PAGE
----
What do trees have to teach us? For the ten students in Erica Marlaine’s class at Chase Elementary School, quite a bit! A 2016-17 microgrant awardee and Earthwatch TeachEarth alum, Erica was challenged to create lesson plans around urban forestry in the hopes of engaging her students, all with special needs, in science:
- Where did the lesson activities take place, and who participated?:
Ten students at Chase Street Elementary School (Los Angeles Unified School District), ages 3-4, all with special needs.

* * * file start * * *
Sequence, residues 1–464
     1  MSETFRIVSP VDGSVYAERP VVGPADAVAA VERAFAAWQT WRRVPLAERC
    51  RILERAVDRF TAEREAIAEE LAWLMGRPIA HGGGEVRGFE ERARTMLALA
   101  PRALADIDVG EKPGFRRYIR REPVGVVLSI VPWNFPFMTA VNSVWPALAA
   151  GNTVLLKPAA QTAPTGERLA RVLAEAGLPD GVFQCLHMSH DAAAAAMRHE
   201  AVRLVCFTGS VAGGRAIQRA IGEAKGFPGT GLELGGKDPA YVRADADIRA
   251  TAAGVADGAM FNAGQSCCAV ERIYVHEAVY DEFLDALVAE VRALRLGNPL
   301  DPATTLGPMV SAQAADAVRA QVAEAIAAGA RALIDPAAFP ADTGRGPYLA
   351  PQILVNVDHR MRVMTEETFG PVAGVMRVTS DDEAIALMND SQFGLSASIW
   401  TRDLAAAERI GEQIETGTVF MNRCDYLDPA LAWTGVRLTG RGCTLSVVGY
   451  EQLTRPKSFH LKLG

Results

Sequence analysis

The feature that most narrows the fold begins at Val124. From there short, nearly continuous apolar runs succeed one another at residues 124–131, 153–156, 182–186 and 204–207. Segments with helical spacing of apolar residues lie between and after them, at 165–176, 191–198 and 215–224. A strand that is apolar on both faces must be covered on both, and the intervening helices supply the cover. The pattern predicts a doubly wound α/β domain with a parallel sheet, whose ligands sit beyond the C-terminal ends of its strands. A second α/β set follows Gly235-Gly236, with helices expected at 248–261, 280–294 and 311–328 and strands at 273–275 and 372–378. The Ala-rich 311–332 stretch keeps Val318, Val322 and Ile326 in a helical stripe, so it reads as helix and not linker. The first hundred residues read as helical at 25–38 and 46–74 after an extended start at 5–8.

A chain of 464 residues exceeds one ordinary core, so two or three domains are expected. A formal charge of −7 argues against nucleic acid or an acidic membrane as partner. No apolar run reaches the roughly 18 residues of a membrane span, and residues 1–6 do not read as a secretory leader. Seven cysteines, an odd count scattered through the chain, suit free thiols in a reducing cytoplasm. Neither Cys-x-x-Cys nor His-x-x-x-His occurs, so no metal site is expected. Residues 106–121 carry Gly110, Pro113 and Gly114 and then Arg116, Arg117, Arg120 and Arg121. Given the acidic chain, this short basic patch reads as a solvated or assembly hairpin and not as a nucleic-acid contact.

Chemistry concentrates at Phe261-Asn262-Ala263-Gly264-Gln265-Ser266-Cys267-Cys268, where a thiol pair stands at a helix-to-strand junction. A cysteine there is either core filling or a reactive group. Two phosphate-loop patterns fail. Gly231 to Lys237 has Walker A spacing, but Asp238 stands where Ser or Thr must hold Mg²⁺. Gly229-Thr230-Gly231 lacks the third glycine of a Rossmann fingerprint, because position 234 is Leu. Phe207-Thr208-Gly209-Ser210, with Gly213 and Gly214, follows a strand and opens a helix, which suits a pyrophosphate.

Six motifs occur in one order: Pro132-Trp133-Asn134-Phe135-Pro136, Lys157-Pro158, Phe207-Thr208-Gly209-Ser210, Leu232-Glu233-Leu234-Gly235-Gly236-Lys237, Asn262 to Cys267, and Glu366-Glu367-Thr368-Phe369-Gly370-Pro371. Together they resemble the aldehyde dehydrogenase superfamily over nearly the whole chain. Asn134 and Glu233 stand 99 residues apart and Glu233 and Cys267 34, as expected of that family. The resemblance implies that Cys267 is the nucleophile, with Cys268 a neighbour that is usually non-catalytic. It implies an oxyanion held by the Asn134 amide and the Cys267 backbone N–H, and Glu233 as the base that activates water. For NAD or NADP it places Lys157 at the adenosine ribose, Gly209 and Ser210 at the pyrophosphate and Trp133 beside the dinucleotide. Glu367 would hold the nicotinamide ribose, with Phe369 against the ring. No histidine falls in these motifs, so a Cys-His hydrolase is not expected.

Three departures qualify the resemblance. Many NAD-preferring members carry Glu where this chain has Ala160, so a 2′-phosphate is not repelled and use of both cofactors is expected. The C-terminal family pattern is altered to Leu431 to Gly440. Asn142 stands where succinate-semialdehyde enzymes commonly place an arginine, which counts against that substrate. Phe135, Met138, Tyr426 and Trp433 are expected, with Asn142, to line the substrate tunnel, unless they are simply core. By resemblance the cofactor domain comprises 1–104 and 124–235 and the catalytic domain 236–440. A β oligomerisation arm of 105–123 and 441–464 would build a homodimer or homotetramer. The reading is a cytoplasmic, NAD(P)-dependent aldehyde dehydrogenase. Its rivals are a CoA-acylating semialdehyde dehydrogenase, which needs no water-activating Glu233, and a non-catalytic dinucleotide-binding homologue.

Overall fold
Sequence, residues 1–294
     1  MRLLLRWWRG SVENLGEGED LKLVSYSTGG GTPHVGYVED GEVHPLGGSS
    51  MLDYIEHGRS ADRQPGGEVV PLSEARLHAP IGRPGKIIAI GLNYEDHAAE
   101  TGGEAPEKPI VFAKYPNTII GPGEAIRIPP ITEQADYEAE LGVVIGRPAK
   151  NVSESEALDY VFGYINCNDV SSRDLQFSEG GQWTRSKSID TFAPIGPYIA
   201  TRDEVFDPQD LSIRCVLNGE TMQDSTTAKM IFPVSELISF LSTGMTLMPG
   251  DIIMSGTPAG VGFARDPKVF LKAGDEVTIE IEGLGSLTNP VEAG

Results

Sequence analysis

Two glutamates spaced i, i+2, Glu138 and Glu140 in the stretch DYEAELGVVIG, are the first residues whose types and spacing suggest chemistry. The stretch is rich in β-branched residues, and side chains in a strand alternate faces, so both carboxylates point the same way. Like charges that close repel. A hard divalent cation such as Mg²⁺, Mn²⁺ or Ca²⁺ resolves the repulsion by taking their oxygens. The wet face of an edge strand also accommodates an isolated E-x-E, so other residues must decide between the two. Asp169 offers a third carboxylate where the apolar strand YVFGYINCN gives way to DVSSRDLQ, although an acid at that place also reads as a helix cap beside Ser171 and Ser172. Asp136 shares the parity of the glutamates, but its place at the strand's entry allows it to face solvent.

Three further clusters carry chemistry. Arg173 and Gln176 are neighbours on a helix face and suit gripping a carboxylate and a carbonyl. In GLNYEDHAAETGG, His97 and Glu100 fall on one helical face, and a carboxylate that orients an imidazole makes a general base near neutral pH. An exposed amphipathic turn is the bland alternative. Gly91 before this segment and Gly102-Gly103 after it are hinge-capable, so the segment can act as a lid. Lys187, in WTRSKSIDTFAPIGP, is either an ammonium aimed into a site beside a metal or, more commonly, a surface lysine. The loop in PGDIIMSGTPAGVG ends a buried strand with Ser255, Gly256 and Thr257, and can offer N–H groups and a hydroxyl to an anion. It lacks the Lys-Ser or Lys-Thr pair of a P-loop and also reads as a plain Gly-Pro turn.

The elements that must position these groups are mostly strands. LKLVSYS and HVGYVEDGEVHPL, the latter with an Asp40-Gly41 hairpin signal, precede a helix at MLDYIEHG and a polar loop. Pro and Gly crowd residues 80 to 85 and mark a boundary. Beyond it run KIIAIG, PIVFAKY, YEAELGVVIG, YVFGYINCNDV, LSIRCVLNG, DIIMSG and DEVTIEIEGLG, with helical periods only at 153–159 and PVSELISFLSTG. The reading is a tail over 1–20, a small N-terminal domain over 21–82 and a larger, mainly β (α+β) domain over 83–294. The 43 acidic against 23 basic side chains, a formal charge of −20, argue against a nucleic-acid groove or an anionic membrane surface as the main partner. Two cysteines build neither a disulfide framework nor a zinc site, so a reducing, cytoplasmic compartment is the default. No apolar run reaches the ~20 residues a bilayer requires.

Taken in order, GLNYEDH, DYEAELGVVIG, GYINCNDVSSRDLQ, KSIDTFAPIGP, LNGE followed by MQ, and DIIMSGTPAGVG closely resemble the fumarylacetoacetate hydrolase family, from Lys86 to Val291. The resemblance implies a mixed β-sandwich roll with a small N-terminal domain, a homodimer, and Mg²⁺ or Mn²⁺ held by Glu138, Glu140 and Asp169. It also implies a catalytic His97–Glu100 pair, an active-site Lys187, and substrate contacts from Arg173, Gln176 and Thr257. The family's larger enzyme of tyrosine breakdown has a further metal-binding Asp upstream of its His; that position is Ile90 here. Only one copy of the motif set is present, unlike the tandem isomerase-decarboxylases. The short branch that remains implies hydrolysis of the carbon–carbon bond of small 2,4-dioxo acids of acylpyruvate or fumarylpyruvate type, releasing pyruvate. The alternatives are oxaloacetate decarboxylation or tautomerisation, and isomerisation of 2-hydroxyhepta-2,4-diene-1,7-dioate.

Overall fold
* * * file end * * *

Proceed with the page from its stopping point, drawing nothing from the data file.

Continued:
- What urban forestry concepts did you teach in the classroom?I taught them how to differentiate different tree species. We talked about deciduous versus evergreen, the leaf shapes of a variety of trees, what trees need to survive, the importance of being kind and gentle with trees, what they liked about trees, who lived in the trees at school, and in other places, and how the students felt about the areas of school where there were trees versus the areas without trees. A variety of methods were used. We looked at different types of trees in books and online, and at the photos from the Operation Resilient Tree packet. Then almost daily, we walked around the school and talked about the different types of trees and which (Chinese Pistache) were on the Resilient Tree list. Our school borders a park, and while we are not permitted to go to the park, we can still see and collect leaves and acorns from the many trees that are on the border fence.